Researching from the inside — does it compromise
The concept of validity in social research is
the subject of much debate. It is a complex and problematic issue,
especially because it is difficult to define validity.
In traditional studies, validity usually referred to the degree
to which the study accurately reflected the issue or topic that
the research was attempting to measure (Feldman
2003). More specifically, this type of validity also referred
to the role of research instruments and their appropriateness for
collecting data that answers the research questions (Black
and Champion 1976). Such positivist accounts assumed that science
could produce objective knowledge and thus the researcher's goal
was to accurately capture an objective reality or `truth' (Hammersley
2000). However, with changing ontological and epistemological
frameworks, criteria for validity changed. It was no longer deemed
possible to produce objective knowledge through research —
instead criteria for validity changed to include factors such as
credibility, believability and reliability (Guba quoted in Cohen
et al. 2000).
With changes in the philosophical foundations of social research,
the role of the researcher also changed. While positivists viewed
validity as being dependent on the researcher's objectivity, neopositivists,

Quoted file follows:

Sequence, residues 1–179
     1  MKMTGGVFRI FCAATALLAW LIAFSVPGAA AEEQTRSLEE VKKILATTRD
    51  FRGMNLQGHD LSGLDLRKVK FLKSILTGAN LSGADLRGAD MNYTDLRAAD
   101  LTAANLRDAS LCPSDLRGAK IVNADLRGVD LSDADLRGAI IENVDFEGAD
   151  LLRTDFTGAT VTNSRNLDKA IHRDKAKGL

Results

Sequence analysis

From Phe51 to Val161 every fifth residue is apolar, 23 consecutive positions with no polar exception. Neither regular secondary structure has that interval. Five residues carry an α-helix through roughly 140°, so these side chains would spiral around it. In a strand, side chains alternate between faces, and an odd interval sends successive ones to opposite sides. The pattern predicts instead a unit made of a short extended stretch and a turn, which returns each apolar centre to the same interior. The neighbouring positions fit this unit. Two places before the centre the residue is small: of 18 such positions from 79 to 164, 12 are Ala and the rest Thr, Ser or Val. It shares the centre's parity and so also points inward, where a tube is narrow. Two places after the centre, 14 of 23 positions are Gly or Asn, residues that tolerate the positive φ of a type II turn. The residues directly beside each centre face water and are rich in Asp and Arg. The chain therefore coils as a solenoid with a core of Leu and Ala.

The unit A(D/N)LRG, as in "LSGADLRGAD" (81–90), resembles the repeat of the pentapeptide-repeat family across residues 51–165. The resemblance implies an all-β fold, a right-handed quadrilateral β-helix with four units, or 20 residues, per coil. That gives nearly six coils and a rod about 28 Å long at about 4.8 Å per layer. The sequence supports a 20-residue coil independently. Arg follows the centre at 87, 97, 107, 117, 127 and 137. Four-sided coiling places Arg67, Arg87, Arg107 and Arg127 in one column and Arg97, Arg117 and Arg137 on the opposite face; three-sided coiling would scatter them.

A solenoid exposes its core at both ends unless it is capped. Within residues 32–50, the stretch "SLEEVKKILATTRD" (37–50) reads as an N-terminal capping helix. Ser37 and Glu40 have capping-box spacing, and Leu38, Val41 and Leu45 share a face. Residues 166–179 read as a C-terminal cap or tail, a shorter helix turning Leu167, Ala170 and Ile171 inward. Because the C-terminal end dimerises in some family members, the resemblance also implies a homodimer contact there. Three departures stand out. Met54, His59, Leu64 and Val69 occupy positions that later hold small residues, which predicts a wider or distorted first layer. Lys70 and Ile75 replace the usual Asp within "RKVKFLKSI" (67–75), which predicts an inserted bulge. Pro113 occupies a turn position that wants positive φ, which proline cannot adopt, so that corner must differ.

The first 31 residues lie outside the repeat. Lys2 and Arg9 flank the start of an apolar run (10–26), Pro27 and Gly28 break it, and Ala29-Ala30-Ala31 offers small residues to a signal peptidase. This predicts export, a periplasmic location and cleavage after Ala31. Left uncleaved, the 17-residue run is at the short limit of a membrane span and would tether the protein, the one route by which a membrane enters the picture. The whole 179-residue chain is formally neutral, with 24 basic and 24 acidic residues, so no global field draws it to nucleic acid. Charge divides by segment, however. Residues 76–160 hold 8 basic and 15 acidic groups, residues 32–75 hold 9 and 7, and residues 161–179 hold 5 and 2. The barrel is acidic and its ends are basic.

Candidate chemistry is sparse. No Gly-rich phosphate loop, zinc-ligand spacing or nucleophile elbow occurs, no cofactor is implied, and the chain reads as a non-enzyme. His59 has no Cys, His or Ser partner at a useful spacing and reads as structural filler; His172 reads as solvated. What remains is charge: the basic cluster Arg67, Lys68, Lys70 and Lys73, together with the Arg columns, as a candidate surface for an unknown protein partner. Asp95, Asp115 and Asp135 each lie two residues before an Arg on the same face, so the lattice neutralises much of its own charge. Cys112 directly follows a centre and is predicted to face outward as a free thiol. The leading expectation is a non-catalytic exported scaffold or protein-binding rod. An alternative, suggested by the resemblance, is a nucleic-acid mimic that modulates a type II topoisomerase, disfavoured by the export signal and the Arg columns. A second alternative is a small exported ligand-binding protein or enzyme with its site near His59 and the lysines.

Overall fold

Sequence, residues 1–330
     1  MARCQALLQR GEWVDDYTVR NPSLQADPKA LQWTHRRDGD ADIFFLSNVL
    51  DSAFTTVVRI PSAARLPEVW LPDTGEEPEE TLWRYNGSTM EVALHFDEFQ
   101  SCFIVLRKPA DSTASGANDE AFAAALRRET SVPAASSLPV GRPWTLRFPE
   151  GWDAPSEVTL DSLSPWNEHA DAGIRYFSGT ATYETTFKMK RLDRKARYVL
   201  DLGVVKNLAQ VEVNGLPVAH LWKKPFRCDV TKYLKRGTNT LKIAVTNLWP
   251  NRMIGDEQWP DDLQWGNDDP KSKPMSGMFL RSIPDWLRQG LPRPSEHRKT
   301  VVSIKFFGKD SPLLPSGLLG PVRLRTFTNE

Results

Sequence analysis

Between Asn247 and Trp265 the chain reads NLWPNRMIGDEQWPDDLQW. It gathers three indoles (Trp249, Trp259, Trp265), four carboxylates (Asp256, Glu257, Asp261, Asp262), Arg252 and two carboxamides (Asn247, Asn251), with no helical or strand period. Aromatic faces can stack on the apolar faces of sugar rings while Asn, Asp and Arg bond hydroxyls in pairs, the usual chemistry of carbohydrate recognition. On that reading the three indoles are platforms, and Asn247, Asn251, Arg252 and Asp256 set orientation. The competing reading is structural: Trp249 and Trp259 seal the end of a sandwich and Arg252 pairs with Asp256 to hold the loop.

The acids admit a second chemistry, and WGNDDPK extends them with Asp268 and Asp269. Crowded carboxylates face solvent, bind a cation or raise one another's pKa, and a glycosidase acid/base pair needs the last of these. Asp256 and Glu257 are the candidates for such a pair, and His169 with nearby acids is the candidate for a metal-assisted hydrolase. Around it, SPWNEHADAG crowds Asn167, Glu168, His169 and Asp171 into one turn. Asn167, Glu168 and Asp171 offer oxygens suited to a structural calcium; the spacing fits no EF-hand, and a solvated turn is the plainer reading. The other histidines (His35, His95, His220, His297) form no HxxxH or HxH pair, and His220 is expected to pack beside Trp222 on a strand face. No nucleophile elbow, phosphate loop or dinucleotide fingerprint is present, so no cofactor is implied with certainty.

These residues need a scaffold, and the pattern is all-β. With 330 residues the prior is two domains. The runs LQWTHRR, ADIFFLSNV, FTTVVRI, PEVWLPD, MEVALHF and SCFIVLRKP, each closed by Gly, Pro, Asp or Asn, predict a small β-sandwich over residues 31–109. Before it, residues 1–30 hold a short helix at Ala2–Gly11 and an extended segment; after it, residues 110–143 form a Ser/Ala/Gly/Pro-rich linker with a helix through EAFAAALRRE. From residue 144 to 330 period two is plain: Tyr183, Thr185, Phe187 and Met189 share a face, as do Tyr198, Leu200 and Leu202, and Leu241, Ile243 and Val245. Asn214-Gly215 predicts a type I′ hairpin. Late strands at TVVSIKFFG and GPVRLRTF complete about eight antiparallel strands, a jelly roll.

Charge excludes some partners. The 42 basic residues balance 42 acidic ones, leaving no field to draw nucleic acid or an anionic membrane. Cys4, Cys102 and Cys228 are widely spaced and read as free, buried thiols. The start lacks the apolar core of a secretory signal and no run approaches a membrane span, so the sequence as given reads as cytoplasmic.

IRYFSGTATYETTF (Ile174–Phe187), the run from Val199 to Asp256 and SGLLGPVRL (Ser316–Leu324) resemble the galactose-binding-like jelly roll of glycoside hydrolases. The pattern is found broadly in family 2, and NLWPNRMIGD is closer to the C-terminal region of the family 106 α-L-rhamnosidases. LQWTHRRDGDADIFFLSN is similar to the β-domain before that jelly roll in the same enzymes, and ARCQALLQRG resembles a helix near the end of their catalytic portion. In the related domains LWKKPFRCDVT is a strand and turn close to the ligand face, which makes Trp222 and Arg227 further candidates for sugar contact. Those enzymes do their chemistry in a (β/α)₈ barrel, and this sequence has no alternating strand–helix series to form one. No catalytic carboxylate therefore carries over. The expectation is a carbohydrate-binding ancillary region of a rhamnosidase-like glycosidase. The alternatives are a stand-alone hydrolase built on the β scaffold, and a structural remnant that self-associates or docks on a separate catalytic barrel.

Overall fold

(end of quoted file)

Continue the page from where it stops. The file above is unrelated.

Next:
acknowledging the impossibility of complete objectivity, espoused
the importance of eliminating researcher biases. At the other extreme,
postmodernists argued that researcher's subjectivities were central
to the research process and must be recognized as such.
Considering these complexities, it is not surprising that insider
research — where the researcher has a direct involvement or
connection with the research setting (Robson
2002) — has been the cause of much debate and scrutiny.
Questions that frequently arise include: What effect does the researcher's
insider status have on the research process? Is the validity of
the research compromised? Can a researcher maintain objectivity?
Is objectivity necessary for validity?
This paper aims to cast light upon these problematic and complex
issues. While it is recognized that insider researchers, and the
issues that surround them, are also the subject of debate in quantitative
research, this paper focuses primarily on qualitative research.
It is not the aim of this paper to provide definitive answers —
indeed, many would argue that this is an impossible task. Instead
this paper aims to raise awareness of the issues involved when considering
the validity of qualitative research, particularly when the researcher
is an insider to this process.
The paper begins with an introduction to concepts of validity and
the role of the qualitative researcher. It continues with an overview
of the expanding field of `insider research', describing what constitutes
insider research and outlining notions of validity within this area.
To illustrate some of the complexities involved, three case studies
from qualitative research will be provided. Each study will be analysed
from various perspectives, examining how the researcher's position
impacts on the research process, and thus on the validity of that
process. Finally, a range of arguments for and against the validity
of each study will be considered with questions for further thought